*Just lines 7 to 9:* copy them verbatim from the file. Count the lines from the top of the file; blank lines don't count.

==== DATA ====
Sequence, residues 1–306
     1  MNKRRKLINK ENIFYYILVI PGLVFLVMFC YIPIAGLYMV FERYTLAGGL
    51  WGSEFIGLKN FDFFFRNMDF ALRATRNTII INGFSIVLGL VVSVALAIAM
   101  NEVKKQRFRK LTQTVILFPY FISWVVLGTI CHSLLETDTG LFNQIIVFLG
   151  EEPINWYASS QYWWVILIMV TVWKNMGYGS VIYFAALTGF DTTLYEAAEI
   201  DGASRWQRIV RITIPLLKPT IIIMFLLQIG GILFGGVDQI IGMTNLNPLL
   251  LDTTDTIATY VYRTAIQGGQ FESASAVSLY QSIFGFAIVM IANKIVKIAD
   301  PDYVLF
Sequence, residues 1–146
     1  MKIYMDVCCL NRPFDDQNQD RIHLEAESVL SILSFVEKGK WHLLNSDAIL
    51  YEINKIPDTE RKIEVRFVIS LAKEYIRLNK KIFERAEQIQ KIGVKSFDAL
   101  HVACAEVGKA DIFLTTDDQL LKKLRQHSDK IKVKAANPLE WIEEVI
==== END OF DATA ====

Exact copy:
   251  LDTTDTIATY VYRTAIQGGQ FESASAVSLY QSIFGFAIVM IANKIVKIAD
   301  PDYVLF
Sequence, residues 1–146